SNAICC shares Anmatjere community ECEC struggles with Senate Committee
The Sector > Workforce > Advocacy > SNAICC shares Anmatjere community ECEC struggles with Senate Committee

SNAICC shares Anmatjere community ECEC struggles with Senate Committee

by Freya Lucas

September 26, 2022

SNAICC – National Voice for Our Children has shared the struggles that people in the Anmatjere community in Northern Territory face when it comes to accessing early childhood education and care (ECEC), with 0.0 places per child. 


Located approximately 200km north of Alice Springs, the region can be classified as a childcare desert according to the Mitchell Institute’s Childcare Deserts report


Community members were able to share their struggles with the Senate Committee into Work and Care, with Estelle Carter saying family is the only option people have when it comes to childcare. 


“The grandmothers are the ones looking after the babies while the mothers are trying to empower themselves and provide for their families,” she explained.


“We want our children not to have that gap in their education. We want them to have that social engagement, that routine to get them ready, so when they get to that school stage they’re settled.”


People in the Anmatjere region in the Northern Territory have been calling for more than 12 years for access to early childhood education and care in the town of Ti Tree, about 200kms north of Alice Springs.


The recent Voices from Community video compiles the concerns of community members who have been running a community-led campaign for local early childhood services. The video formed part of the SNAICC submission and evidence to the Senate Select Committee on Work and Care.


An absence of ECEC services in the community is having a profound impact, SNAICC CEO Catherine Liddle explained. 


“The community members in this video represent only a fraction of families and education professionals who live in Ti Tree. Some parents have had to travel an almost 400km round trip just to ensure their children receive early years education.”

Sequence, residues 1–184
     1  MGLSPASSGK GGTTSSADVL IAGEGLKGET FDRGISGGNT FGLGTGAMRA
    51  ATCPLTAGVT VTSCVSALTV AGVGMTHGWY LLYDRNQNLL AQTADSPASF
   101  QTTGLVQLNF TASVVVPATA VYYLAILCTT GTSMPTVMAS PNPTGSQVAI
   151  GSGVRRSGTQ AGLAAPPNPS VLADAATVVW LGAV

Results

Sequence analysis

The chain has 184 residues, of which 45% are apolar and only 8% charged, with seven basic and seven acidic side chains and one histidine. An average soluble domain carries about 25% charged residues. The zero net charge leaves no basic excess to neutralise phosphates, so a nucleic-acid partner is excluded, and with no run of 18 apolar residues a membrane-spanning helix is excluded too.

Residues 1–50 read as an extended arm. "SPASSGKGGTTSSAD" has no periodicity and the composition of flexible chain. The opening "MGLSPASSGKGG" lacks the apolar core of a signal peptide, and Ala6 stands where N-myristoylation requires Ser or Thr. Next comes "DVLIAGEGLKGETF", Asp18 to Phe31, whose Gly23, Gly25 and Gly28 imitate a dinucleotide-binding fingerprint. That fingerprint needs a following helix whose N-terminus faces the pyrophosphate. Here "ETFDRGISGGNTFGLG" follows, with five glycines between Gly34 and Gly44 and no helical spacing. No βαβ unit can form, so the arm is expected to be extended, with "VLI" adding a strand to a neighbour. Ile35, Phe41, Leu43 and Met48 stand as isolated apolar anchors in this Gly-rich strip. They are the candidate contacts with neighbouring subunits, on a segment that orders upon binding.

“Leaving an entire community with such a deficit in educational services puts the healthy development of Aboriginal and Torres Strait Islander children at risk and perpetuates unjust cycles of disadvantage,” she continued.


“Parents, mostly women, also face barriers to secure employment and educational opportunities as a flow-on effect if they cannot find alternative care for their children. The people of Ti Tree have been calling for this essential service for over 12 years. That’s 12 years too long.”


Community member Emma Cole works in aged care and is expecting a baby.


“I’m really worried for once I do have my baby and not being able to go back to work, and not having support,” she said. 


Her perspective was backed by fellow community member Toru Atiola who has tried to keep one of her children in early education, however this involves travelling 190km both ways to get to the nearest centre.


“I know I would have loved to have studied part-time or even got a part-time job, but it just wasn’t an option for us here in Ti Tree. Having a childcare centre would be so beneficial to a lot of families here.”


Watch SNAICC will be giving evidence to the Senate Select Committee on Work and Care here. 

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